M - The long hot spell's Reviews > A Guide to the Good Life: The Ancient Art of Stoic Joy

A Guide to the Good Life by William B. Irvine
Rate this book
Clear rating

by
98681744
's review

really liked it
bookshelves: philosophy-religion

The book has an old-fashioned feel that I’ve felt before while reading books on Buddhism. Stoicism is a philosophy from Greek and Roman times though Irvine is a modern writer and is writing for people who want to try practicing Stoicism today. Irvine has carved out a Stoic philosophy of life that has been helpful to him and the book at one point addressed the fact that sticklers for the ‘old’ ways of Stoicism may question changes to it. Irvine quotes Seneca, however, to remind readers that he does not feel bound “to some particular one of the stoic masters; I, too have the right to form an opinion.” In other words, there is room for adjustments.

By far the most helpful section to me was the psychological techniques which included negative visualisation, the dichotomy/trichotomy of control, fatalism, self-denial and meditation. They are practical tools that would be helpful for anyone interested in practicing them. Interestingly, negative visualisation is something I have done naturally in my life and I’ve had people try to tell me it’s a very negative way to go about life. It’s not the same as being pessimistic, though. I don’t see, or feel, it that way at all and I think this book goes a good way to explaining why pondering the negative things that ‘could’ happen to us can lead to more enjoyment and calm in life.

Stoicism focuses on finding tranquility - something that I can relate to. Irvine gives some great advice on preparing mentally for old age and beginning the techniques one at a time (to master one before going on to another), to understanding the importance of having a life philosophy so you know what you’re aiming for.

There are sections on the early Stoics, a brief history of Stoicism and of its decline. Finally, there is a plan of attack (you might say) for those who would like to practice it, even if you’re just a trial to see if Stoicism is a good fit for you.

I was interested to know what Stoicism was about, since my only understanding was it’s ‘something to do with Greek and Roman philosophy’ and that to say someone is stoic means ‘they remain strong in the face of negative emotions’. Not a very deep understanding, but this book made a good introduction. The text is repetitious in making some points, but overall it has some helpful ideas for training yourself, and reframing the way you think, to achieve more peace.
12 likes · flag

Sign into Goodreads to see if any of your friends have read A Guide to the Good Life.
Sign In »

Quotes M Liked

William B. Irvine
“Indeed, pursuing pleasure, Seneca warns, is like pursuing a wild beast: On being captured, it can turn on us and tear us to pieces. Or, changing the metaphor a bit, he tells us that intense pleasures, when captured by us, become our captors, meaning that the more pleasures a man captures, “the more masters will he have to serve.”
William B. Irvine, A Guide to the Good Life: The Ancient Art of Stoic Joy

William B. Irvine
“pay attention to your enemies, for they are the first to discover your mistakes.”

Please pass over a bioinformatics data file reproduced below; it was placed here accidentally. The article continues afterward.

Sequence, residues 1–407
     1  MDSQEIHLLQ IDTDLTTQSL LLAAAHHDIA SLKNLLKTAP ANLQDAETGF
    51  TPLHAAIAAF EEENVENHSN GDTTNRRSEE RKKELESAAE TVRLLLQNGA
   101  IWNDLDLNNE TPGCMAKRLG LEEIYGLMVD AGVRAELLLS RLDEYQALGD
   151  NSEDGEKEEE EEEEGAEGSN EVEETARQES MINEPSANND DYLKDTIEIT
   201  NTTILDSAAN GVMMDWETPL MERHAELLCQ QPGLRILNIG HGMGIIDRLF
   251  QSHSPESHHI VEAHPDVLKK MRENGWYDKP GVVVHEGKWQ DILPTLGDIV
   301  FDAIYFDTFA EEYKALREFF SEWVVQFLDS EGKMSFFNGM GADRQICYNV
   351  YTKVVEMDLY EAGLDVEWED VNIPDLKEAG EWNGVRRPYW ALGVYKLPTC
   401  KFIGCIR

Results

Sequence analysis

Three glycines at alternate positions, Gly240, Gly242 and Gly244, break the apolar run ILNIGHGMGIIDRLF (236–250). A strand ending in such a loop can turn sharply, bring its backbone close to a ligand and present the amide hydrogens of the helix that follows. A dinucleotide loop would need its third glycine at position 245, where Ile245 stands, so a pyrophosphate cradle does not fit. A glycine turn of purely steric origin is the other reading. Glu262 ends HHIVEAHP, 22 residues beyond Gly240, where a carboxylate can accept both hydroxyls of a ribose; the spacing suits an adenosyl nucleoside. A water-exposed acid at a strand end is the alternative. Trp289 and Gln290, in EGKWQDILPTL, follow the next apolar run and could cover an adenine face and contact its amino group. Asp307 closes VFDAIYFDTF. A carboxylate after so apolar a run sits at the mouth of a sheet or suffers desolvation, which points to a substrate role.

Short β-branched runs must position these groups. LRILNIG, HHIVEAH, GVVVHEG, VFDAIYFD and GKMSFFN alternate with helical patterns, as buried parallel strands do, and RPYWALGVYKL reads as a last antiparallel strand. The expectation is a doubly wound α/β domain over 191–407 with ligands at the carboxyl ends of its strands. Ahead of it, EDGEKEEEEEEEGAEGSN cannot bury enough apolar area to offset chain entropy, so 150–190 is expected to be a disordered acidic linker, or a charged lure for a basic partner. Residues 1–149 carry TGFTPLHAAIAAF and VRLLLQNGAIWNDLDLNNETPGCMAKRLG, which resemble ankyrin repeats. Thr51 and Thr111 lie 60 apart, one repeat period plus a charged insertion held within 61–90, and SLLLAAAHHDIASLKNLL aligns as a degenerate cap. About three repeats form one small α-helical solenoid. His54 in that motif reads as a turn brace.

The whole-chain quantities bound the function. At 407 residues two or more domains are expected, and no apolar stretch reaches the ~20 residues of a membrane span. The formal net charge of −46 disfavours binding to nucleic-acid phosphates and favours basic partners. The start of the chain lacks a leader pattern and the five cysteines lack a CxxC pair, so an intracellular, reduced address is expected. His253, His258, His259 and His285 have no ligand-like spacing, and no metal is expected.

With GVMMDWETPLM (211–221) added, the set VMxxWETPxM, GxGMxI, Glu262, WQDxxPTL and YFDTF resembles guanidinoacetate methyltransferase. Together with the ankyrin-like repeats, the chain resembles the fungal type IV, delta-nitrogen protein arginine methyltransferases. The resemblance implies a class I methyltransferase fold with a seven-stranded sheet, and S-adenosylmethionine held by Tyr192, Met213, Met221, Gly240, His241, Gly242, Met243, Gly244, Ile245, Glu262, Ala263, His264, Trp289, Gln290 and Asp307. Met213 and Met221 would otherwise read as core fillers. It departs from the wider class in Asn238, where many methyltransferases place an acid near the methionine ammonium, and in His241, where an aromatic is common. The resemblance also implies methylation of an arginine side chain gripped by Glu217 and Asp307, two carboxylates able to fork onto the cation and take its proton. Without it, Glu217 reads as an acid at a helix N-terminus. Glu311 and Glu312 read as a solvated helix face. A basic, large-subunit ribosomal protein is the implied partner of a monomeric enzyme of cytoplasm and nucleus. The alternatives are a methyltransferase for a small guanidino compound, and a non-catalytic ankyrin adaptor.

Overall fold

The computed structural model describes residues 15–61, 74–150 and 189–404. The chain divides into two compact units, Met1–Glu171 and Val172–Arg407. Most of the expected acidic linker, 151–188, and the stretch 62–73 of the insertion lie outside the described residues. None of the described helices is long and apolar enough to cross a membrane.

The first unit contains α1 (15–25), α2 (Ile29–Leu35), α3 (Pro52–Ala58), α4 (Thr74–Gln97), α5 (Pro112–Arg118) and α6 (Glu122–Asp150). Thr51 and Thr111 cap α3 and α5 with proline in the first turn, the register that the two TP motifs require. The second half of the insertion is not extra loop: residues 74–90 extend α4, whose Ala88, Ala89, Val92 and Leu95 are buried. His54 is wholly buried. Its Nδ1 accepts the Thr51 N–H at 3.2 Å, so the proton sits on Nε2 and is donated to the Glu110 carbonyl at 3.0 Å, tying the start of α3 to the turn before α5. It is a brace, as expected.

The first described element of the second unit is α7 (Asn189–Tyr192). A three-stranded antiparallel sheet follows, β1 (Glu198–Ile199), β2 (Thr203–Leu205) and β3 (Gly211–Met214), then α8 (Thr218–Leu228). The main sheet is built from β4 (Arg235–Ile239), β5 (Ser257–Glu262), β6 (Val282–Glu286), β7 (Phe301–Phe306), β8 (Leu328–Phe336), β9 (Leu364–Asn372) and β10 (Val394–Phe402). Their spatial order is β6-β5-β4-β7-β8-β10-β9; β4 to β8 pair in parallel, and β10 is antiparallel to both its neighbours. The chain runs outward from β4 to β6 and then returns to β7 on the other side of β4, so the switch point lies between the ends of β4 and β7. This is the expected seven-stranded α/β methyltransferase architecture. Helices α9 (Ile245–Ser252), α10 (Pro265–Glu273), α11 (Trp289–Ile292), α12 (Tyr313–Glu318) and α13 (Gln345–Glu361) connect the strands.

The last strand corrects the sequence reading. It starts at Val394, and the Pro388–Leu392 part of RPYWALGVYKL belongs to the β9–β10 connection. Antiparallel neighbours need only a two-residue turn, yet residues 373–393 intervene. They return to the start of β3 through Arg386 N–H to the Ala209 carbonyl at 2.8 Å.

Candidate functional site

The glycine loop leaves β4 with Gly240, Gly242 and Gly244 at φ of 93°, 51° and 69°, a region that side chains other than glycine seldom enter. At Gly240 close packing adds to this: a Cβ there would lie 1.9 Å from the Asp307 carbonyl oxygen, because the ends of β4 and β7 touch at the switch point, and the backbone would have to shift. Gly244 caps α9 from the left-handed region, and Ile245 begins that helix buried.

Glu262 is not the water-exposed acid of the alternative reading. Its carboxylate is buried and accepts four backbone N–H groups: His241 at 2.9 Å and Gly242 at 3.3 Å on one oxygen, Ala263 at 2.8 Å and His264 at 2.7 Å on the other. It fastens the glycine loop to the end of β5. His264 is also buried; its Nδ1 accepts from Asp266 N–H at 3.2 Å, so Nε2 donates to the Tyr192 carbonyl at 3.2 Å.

William B. Irvine, A Guide to the Good Life: The Ancient Art of Stoic Joy

William B. Irvine
“Your primary desire, says Epictetus, should be your desire not to be frustrated by forming desires you won’t be able to fulfill.”
William B. Irvine, A Guide to the Good Life: The Ancient Art of Stoic Joy

William B. Irvine
“the easiest way for us to gain happiness is to learn how to want the things we already have.”
William B. Irvine, A Guide to the Good Life: The Ancient Art of Stoic Joy

William B. Irvine
“if we seek social status, we give other people power over us: We have to do things calculated to make them admire us, and we have to refrain from doing things that will trigger their disfavor.”
William B. Irvine, A Guide to the Good Life: The Ancient Art of Stoic Joy

William B. Irvine
“If you consider yourself a victim, you are not going to have a good life; if, however, you refuse to think of yourself as a victim—if you refuse to let your inner self be conquered by your external circumstances—you are likely to have a good life, no matter what turn your external circumstances take. (In particular, the Stoics thought it possible for a person to retain his tranquility despite being punished for attempting to reform the society in which he lived.)”
William B. Irvine, A Guide to the Good Life: The Ancient Art of Stoic Joy

William B. Irvine
“It is, after all, hard to know what to choose when you aren’t really sure what you want.”
William B. Irvine, A Guide to the Good Life: The Ancient Art of Stoic Joy

William B. Irvine
“We are social creatures; we will be miserable if we try to cut off contact with other people. Therefore, if what we seek is tranquility, we should form and maintain relations with others. In doing so, though, we should be careful about whom we befriend. We should also, to the extent possible, avoid people whose values are corrupt, for fear that their values will contaminate ours. •”
William B. Irvine, A Guide to the Good Life: The Ancient Art of Stoic Joy


Reading Progress

June 25, 2019 – Shelved
June 26, 2019 – Started Reading
July 14, 2019 –
page 105
32.21%
July 14, 2019 –
page 105
32.21%
October 2, 2019 –
page 127
38.96%
October 7, 2019 –
page 153
46.93%
October 11, 2019 –
page 183
56.13%
October 11, 2019 –
page 209
64.11%
October 15, 2019 – Finished Reading

No comments have been added yet.